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Published on March 31, 2020

Eating well – and safely – in the time of COVID-19

Groceries COVID

As the number of people who test positive for COVID-19 continues to rise in Massachusetts, residents understand that the best practice is to stay home as much as possible. Those who are used to stopping at a store everyday to pick up something for dinner may want to consider planning ahead for one bigger trip to the grocery store less often.

It reduces the risk to store employees and also minimizes the risk that you will be exposed to the coronavirus and then bring it back to your family.

Because some items are out of stock, shopping for a week or two at a time requires a lot of flexibility in the products you choose. That said, it’s very possible to stock up so you can make fewer trips to the store without hoarding certain items. Buying a variety of different foods is the key.

As a professional food writer who is married to a chef, I take grocery shopping pretty seriously. Normally, my husband and I go shopping together. We don’t usually have a detailed plan. We prefer to find inspiration at the store, and shopping in the age of coronavirus hasn’t changed that fact very much.

The first weekend after the outbreak became apparent in our area, the grocery store we visited was out of the obvious things like toilet paper, but it was also out of chicken, potatoes, bananas, garlic, and most of the frozen vegetables. The soup aisle was pretty sparse and the pasta aisle had fairly empty shelves as well.

Since we couldn’t buy chicken, we bought pork tenderloin instead. The package comes with two tenderloins, so we ate one the first week and froze the second one for the following week. Instead of regular potatoes, we bought sweet potatoes and turnips.

The sweet potatoes, in particular, were a good choice according to Amy Rose Sager, a dietitian with the Visiting Nurse Association of Cape Cod.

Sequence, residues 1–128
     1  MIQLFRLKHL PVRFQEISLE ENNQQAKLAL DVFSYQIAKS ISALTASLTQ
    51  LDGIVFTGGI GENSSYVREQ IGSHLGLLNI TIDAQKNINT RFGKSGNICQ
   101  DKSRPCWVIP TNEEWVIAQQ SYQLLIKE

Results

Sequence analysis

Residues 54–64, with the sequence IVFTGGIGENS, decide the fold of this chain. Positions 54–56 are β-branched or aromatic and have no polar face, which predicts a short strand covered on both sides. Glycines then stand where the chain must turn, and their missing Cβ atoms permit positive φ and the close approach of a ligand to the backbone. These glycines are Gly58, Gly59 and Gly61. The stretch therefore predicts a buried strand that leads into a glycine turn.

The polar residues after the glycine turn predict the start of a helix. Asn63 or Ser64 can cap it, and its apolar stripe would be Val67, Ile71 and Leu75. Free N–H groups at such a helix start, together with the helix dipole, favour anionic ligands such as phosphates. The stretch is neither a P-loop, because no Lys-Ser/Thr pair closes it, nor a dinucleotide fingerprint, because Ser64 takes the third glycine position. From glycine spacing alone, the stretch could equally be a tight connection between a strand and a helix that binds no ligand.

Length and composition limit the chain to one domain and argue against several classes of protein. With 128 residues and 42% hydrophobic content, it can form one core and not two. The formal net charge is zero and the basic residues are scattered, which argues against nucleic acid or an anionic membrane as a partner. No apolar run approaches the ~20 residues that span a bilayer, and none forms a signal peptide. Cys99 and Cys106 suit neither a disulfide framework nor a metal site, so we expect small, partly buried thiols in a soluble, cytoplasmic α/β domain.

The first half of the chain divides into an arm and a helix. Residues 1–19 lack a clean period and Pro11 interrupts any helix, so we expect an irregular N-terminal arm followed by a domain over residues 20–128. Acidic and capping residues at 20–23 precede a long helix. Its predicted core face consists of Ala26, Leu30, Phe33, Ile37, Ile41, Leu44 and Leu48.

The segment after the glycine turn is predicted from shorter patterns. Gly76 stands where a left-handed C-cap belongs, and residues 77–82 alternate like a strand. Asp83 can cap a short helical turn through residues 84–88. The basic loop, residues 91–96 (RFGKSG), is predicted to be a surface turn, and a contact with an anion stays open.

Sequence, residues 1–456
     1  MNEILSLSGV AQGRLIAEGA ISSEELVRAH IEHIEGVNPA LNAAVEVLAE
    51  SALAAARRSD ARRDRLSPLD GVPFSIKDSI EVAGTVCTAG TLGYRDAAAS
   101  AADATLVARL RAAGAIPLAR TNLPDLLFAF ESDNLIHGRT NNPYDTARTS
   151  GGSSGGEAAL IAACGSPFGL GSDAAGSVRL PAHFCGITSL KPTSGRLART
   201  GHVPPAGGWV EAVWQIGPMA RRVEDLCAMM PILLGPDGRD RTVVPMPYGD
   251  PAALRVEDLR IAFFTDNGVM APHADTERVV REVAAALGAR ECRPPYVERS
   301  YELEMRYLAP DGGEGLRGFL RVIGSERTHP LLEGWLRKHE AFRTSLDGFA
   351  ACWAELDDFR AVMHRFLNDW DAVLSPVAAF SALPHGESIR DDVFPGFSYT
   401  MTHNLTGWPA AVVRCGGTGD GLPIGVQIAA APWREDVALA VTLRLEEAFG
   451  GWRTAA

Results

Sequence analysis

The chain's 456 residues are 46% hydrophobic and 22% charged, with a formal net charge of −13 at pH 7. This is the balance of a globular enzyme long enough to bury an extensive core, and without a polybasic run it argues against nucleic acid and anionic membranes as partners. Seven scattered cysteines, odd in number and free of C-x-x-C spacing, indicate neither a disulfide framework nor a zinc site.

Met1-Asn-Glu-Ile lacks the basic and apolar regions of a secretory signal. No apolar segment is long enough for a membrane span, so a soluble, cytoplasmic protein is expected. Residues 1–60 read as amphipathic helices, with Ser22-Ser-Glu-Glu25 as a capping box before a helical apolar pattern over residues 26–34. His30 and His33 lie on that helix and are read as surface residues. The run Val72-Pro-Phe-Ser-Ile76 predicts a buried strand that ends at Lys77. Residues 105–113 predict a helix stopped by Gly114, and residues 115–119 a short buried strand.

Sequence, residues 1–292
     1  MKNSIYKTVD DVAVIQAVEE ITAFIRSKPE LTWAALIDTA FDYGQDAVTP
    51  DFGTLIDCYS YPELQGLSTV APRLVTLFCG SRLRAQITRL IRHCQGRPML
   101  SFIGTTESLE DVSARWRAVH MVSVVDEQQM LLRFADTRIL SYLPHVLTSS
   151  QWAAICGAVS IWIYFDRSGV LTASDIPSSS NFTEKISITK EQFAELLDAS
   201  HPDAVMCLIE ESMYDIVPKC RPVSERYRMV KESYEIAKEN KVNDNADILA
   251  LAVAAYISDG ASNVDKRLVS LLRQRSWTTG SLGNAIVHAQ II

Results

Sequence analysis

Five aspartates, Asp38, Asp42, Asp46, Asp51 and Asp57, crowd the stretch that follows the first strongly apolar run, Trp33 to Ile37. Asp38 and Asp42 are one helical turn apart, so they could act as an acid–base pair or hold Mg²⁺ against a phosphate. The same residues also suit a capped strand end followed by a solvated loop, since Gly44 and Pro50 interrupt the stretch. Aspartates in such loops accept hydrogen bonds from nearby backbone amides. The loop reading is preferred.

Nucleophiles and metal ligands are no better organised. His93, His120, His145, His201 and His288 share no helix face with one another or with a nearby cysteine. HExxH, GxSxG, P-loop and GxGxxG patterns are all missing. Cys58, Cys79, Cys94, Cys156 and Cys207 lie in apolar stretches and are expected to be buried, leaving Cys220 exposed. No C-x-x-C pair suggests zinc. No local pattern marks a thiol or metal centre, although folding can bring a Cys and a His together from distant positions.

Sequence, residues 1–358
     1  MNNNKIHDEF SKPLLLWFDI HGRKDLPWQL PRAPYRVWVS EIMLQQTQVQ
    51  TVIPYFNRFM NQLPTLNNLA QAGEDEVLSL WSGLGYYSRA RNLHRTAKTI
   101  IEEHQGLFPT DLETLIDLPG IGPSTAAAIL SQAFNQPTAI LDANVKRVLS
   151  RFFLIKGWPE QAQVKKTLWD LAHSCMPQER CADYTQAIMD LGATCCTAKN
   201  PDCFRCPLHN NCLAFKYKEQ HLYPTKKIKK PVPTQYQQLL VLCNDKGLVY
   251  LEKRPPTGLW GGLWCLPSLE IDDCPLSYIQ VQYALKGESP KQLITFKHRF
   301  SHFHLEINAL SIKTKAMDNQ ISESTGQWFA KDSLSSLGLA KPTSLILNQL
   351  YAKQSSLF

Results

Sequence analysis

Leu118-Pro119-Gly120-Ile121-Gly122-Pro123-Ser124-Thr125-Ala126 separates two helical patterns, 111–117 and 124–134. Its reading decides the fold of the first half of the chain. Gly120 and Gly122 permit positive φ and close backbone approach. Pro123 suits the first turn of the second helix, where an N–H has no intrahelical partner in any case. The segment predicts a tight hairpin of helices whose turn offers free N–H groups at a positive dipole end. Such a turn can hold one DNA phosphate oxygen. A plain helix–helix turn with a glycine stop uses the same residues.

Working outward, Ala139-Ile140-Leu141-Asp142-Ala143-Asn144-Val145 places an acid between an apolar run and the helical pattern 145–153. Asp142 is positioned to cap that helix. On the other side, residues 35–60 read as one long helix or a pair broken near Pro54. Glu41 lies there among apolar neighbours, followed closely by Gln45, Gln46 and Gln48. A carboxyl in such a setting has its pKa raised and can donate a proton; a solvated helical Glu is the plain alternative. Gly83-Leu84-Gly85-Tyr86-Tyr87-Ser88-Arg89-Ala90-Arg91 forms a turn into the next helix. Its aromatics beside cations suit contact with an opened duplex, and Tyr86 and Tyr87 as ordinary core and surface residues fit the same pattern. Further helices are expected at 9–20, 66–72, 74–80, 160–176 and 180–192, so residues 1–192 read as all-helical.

“Sweet potatoes have a lot of good nutrition and they are very good for our immune system,” she said. “They are a good source of vitamin A too. Hard squashes are another excellent choice.”

Foods like sweet potatoes, turnips, beets, celeriac root and hard squashes all keep really well too. A good strategy we’ve adopted is to eat the more perishable vegetables like salad greens, tomatoes and cucumbers first and save the longer lasting vegetables for later in the cycle.

We eat a salad every single night with dinner, but salads don’t have to just be made with leafy greens. Grated raw beets with a drizzle of homemade dressing are delicious. A family favorite is a salad made with riced cauliflower, cherry tomatoes, cucumbers, and scallions tossed with a lemon vinaigrette. Another salad idea is chopped celery, apples, blue cheese and pecans tossed with a little balsamic dressing.

Plan Ahead More Wisely

Sager, who also owns Leap into Wellness, a health and nutrition business, recommends that people plan ahead a bit more than they usually do, but with substitutions in mind in case stores are out of items on their list. Another strategy she suggests is to cook food in bigger batches and freeze leftovers. Soup is a great choice for this.

“It’s a good idea to buy the basics for soup – garlic, onions, celery and carrots,” she said. “You can’t go wrong there.”

If you usually cook for two and buy smaller packages of chicken, try buying a whole chicken instead. You can roast it one night and then use the leftovers for sandwiches and homemade soup that you can either eat within a few days or freeze. If you love seafood, you can easily buy a piece of fresh fish and then freeze it when you get home. Scallops and shrimp have also still been available in the frozen food section.

During times of stress, comfort foods and your family’s favorite recipes can soothe minds as they fill bellies. In our family, things like lasagna, American chopped suey, chicken stew with mashed potatoes, bean soup, clam chowder and homemade bread have all brought comfort. Since we can’t gather to eat meals together, my husband and I have been making up big batches and delivering portions to the front doorsteps of our grown daughters, parents and people in our church who are in need.

If you’ve been wanting to switch to a more plant-based diet, now is a perfect time, said Sager.

“A plant-based diet allows you to stretch food and it’s cheaper, too, because you can make something like chili using beans and you don’t have to worry about putting in the meat because your beans are your protein source,” she said. “There’s also legume pasta like chickpea and lentil pasta. That way you get some extra protein.”

For snacks, she recommends popping popcorn on top of the stove or in an air popper. It’s inexpensive and a jar will last quite a while. It’s also a great source of fiber. Another snack suggestion is to make your own trail mix. Nut butters like peanut butter or almond butter are also good to keep on hand, she said, as are grains like rice, quinoa and old-fashioned oats.

“I think the junk food and the processed food has been going quicker because people think they will last longer,” Sager said. “We’re trying to get people to still eat healthier.”